Abe’s is Where Good Friends Dine. I’m all about friends and friendship. But what makes Abe’s really standout is the quality of its food. I’m not really big into local Filipino cuisine, dayuhan sa sariling bayan and all that, whatever. The truth is probably more like, there aren’t many good Filipino restaurants around. If there were more of them, I’d probably be a bigger fan.
But Abe’s is perhaps the single best Filipino restaurant we have. I wish I knew about more, but this is the only one that has ever really made me think, “Man, I am proud of my native cuisine.”
Take a stroll through Alabang Town Center’s new restaurant area — the one with Jamba Juice, Chili’s, Fully Booked and Starbucks — and you’ll find Abe’s. It’s actually a Pampangan restaurant and not a Tagalog one, and “Abe” itself means “friend” in kapampangan.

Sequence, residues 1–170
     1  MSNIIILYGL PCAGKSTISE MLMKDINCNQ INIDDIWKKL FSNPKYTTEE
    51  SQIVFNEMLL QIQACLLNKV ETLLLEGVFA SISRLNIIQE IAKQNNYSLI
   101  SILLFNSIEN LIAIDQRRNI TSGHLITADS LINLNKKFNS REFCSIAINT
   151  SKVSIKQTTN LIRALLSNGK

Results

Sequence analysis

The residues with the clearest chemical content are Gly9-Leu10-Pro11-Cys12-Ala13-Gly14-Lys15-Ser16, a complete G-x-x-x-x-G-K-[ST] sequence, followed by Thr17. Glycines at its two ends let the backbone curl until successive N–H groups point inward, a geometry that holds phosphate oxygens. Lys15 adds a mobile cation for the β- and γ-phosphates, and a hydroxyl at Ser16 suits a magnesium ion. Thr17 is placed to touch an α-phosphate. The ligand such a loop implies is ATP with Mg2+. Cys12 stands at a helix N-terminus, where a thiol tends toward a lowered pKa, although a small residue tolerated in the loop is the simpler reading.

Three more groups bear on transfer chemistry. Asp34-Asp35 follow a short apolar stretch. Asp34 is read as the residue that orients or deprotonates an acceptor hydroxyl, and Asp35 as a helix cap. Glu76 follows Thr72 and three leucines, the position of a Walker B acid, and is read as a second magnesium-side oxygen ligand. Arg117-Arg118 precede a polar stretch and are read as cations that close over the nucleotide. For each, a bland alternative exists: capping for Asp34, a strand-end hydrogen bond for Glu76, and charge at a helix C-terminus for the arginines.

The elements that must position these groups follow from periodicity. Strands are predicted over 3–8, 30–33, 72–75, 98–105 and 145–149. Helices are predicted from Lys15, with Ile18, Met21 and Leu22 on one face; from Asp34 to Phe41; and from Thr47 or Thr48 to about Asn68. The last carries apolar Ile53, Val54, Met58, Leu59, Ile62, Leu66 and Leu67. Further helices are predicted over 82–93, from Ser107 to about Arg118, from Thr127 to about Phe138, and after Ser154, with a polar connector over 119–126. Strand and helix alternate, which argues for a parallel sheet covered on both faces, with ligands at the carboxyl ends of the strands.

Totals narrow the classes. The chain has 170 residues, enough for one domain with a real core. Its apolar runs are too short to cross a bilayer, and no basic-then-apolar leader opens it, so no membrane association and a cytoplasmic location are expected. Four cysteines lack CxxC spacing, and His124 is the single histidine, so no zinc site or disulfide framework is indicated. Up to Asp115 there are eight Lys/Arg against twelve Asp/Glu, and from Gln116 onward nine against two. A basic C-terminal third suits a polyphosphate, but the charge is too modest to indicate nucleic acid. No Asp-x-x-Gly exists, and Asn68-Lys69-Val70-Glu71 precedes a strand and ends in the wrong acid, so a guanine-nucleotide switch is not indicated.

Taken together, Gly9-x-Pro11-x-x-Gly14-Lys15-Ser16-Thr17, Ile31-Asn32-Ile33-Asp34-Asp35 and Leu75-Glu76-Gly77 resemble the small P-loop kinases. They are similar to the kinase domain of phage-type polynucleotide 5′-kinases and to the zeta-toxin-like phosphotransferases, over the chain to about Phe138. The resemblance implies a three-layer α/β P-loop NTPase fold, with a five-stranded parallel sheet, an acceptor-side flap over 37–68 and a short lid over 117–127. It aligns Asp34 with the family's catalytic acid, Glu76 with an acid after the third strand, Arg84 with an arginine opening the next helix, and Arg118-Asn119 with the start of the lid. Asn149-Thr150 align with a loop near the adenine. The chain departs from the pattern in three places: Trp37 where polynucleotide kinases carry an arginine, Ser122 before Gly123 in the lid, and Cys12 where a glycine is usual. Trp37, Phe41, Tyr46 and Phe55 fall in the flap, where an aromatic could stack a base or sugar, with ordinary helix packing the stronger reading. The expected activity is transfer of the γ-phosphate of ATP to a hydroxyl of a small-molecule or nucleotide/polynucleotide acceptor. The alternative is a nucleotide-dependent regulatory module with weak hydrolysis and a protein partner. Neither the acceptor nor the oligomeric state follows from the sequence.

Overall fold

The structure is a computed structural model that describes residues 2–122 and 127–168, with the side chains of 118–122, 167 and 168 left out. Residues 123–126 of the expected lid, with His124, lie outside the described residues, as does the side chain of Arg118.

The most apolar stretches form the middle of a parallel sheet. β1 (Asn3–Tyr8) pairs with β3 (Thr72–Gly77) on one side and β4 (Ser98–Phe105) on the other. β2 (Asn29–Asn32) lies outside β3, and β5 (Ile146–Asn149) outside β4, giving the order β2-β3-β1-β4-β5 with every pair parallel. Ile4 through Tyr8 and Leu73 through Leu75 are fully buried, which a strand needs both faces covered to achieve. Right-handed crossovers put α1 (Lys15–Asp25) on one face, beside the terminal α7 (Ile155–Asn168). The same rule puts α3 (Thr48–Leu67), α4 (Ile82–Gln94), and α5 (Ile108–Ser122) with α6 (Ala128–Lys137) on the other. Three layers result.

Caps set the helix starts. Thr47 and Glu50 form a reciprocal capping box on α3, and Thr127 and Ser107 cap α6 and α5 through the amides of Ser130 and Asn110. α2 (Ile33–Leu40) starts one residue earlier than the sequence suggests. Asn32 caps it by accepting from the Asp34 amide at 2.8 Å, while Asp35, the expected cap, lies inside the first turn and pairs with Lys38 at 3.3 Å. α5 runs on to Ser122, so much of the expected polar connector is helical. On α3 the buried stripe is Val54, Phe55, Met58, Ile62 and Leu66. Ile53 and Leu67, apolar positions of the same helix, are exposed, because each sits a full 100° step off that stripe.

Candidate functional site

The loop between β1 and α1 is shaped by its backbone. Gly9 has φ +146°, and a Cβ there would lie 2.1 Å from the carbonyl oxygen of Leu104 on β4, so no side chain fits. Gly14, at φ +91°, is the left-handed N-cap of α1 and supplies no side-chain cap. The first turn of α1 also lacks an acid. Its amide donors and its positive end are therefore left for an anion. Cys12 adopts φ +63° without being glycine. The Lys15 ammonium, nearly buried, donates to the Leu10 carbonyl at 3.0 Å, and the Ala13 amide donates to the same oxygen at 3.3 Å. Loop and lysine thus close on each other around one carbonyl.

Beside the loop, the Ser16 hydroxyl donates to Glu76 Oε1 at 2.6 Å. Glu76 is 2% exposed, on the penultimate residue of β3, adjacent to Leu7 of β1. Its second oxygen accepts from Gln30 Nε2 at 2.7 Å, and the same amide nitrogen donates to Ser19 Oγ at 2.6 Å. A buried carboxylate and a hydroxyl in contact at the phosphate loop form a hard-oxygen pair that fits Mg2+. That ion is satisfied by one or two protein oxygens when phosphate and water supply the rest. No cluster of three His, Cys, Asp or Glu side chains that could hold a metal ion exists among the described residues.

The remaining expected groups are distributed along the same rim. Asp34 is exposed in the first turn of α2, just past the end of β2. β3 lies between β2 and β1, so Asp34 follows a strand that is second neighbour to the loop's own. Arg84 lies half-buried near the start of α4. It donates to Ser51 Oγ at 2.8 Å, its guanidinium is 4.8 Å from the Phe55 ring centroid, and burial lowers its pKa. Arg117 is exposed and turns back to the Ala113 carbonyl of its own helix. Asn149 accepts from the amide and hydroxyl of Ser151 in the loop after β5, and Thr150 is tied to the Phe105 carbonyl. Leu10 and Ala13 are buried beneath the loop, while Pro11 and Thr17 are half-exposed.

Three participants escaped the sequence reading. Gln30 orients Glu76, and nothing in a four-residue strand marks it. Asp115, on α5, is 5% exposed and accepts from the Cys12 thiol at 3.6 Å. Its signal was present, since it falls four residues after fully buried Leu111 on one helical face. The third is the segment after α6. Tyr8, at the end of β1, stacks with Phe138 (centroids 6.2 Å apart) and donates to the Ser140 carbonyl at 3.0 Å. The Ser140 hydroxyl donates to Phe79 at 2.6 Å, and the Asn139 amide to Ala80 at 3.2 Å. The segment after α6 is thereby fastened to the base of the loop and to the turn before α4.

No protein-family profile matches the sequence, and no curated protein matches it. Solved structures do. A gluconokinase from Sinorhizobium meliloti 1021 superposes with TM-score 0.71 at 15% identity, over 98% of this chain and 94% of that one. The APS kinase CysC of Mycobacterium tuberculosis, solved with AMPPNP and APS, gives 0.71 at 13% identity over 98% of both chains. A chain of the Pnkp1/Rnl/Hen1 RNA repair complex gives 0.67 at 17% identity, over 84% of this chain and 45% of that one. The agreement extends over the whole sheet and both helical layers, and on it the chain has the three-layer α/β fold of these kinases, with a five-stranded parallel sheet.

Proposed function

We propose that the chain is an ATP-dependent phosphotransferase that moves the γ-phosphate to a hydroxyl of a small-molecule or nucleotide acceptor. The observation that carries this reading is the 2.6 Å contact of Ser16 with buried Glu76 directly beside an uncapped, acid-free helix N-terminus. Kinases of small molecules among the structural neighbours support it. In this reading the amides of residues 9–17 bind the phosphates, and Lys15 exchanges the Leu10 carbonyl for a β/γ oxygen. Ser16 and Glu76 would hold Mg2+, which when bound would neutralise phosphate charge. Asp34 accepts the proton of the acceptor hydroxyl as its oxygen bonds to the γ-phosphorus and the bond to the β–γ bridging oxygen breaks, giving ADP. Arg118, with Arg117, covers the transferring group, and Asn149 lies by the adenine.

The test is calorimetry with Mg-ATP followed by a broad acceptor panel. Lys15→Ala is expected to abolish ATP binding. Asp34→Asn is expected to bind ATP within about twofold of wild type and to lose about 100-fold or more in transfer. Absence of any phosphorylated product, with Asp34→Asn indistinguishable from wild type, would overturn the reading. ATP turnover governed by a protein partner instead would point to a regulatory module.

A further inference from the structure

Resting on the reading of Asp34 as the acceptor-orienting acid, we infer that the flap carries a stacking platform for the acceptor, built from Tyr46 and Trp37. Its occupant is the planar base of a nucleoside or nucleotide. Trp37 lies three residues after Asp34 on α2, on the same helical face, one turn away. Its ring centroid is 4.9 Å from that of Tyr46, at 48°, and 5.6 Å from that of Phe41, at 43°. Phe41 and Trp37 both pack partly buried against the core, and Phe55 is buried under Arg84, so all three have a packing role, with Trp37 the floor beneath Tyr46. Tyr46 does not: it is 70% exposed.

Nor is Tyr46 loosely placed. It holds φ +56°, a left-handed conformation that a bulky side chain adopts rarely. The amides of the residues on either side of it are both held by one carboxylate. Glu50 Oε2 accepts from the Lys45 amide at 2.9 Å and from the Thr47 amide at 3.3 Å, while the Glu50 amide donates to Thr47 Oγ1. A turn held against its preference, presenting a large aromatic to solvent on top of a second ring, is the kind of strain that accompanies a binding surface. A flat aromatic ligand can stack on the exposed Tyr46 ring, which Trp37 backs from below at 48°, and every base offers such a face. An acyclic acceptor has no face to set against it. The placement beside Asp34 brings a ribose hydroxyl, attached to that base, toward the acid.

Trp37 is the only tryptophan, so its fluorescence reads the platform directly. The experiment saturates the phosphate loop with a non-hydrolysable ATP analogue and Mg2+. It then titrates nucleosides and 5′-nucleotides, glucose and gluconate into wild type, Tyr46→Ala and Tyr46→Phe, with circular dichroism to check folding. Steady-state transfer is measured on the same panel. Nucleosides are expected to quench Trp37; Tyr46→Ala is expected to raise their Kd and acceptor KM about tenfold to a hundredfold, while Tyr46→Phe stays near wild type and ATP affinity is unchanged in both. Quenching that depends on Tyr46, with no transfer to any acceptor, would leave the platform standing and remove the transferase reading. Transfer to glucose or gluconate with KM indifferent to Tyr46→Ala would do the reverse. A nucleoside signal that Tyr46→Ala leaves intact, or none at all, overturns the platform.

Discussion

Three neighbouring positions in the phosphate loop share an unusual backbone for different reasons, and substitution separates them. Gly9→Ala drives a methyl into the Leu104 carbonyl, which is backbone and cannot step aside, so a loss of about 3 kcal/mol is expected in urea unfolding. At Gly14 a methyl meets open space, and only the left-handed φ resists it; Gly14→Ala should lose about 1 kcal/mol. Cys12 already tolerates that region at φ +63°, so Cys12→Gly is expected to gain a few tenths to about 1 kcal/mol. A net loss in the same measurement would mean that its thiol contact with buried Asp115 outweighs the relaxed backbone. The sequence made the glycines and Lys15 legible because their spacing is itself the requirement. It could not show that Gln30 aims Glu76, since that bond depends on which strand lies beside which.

But what you really wanted to know and see is the food!
Let’s start with the High Blood Brigade.
Let’s start with the good old standby — Crispy Pata. There’s probably no food in the Philippines more responsible for cases of hypertensiveness than Crispy Pata. Everyone loves it. Everyone craves it. And unlike our next contestant, everyone orders this all the time, and not just on special occasions.
This dish is a pig’s hind leg, or pata, fried to perfection until the skin gets all crispy. The meat becomes ridiculously juicy and oily, loaded with cholesterol goodness. Eat it with some toyo for that added salt content. But hey, so you don’t die too fast, there’s some healthy ginger achara on the side.